It will be a difficult Christmas for Bellamy’s managing director, Laura McBain. Photo: Mark Jesser Bega’s chairman, Barry Irvin, warned of oversupply in the marketplace. Photo: Brendon Thorne
Shareholders are right to be increasingly worried about just how financially painful Bellamy’s Chinese burn is going to be.
At its worst, the organic baby formula producer is experiencing an existential moment as the crisis it’s having with suppliers and customers drags on.
The saga of Bellamy’s demonstrates just how rapidly a company can move from being a sharemarket darling with seemingly limitless growth prospects to a sharemarket pariah with a questionable business model.
Following a trading halt and a two-week trading suspension of its shares in early December, the company has now requested its shares remain suspended from trading on the Australian Securities Exchange until January 13.
Such a delay does not not augur well for the future of the company, which is in the sights of at least one class action law firm and whose chief executive, Laura McBain, is the subject of calls for a scalping.
In the meantime, shareholders are stuck holding the stock they can be almost certain will drop precipitously when trading eventually resumes.
And such an outcome would be more favourable than the other possibility that the stock never comes back onto the market.
The suspension in the shares came after the stock was heavily sold down, wiping $544 million from the company’s market capitalisation following its 40 per cent downgrade to earnings earlier this month. The stock last traded at $6.68, compared with a high of $16.50 reached earlier in the year.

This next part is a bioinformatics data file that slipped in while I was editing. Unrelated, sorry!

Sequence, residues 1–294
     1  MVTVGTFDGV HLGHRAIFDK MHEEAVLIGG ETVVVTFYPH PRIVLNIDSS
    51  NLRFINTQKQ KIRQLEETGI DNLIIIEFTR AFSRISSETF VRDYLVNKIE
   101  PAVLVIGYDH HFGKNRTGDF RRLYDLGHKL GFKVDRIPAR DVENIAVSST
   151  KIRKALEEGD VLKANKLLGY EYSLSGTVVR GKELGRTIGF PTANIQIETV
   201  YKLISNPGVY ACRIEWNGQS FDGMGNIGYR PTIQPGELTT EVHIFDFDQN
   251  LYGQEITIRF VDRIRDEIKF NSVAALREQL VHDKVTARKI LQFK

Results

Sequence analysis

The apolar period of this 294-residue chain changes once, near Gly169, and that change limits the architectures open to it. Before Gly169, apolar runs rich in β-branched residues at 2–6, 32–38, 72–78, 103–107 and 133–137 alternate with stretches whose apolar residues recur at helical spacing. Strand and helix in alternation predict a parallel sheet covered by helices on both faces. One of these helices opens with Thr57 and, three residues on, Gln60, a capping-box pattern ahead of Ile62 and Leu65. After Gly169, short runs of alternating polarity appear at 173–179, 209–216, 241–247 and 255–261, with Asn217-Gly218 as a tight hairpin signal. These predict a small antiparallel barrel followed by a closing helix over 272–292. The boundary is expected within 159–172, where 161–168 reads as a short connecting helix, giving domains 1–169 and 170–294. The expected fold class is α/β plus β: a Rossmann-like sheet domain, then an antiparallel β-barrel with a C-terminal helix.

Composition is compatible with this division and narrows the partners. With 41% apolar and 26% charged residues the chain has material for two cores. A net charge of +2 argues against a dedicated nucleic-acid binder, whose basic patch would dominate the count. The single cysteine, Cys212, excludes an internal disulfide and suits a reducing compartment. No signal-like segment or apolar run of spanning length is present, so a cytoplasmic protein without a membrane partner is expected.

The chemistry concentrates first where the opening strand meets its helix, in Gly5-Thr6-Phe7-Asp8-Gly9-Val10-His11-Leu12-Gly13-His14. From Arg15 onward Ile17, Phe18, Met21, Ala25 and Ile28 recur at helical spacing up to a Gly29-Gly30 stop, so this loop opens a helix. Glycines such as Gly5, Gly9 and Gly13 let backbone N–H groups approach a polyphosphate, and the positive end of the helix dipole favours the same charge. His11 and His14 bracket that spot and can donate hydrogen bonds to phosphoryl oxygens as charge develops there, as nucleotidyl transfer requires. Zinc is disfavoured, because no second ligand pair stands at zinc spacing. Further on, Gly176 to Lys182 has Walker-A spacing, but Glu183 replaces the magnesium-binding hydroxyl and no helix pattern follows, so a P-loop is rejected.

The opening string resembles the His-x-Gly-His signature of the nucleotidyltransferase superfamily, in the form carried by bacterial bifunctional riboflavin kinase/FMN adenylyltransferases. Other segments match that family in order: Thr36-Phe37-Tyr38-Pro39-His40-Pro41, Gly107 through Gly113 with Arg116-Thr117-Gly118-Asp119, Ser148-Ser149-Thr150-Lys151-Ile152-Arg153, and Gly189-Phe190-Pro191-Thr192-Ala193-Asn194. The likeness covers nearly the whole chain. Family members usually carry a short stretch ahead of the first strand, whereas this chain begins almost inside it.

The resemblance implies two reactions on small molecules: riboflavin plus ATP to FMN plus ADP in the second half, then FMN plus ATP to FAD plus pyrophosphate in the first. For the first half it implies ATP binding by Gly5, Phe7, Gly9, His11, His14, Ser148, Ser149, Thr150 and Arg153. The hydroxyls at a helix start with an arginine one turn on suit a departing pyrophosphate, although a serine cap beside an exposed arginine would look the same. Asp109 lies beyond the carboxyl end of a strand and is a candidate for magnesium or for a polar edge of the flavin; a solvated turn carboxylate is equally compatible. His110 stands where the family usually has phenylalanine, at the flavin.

Up until the downgrade, investors and most analysts had growth expectations so high they were in nose-bleed territory and accordingly the share price had been priced around complete success.
This was despite the fact that the Tasmanian-based company had only been listed since 2014 and was riding the fashionable yet risky China export story.
It is only over the past few weeks that experts have started to dissect the Bellamy’s story and take a closer look at the pitfalls in the business, including the lack of experience of management, the supply chain shortcomings and the fickle nature of the Chinese customer.
More particularly, they have homed in on the fact that Bellamy’s misread the importance and power of the ‘Daigou’ trade – which involves intermediaries buying baby formula from Australian supermarket shelves to re-sell it into the Chinese market.
The theory is that when Bellamy’s started to discount its product earlier this year, it cut the margin for the intermediaries which in turn switched to other brands.
On the other side of the ledger, the company is now clearly attempting to renegotiate its own supply contracts with producers such as Bega and Fonterra.
Thus Bellamy’s is caught in a pincer from falling volumes and shrinking margins.
The most positive aspect to Bellamy’s financial position is that it was virtually debt free with $32 million in cash.
But the June 2016 balance sheet shows a worrying and massive increase in inventory levels from $17 million the year before to around $68 million – half of which was finished goods and half ingredients.
Still, in the October presentation to shareholders the company made no mention of any difficulties it could have been experiencing in the first three months of the 2017 financial year. Bega’s warning
This was in sharp contrast to Bega’s chairman, Barry Irvin, who in the same month warned of oversupply and pressure on prices in the Chinese market, telling shareholders the company had a watch brief on its infant formula partnership with Blackmores.
In a frank review, he told his investors that “while this time last year supermarket shelves were empty and customers in Australia and internationally were providing ever-increasing orders, the combination of a regulation change in China, a supply response to demand signals and the evolution of supply channels to market now sees significant discounting in the marketplace and signs of short term oversupply”.
The potential lack of disclosure and transparency will be at the heart of any class action legal claims.
But the more immediate problem for Bellamy’s will be a potential cash flow crisis if sales and prices remain depressed and it cannot renegotiate supply contracts.
It will be a difficult Christmas for its management and board – and a nervous period for investors, who are waiting to see if the company has a future.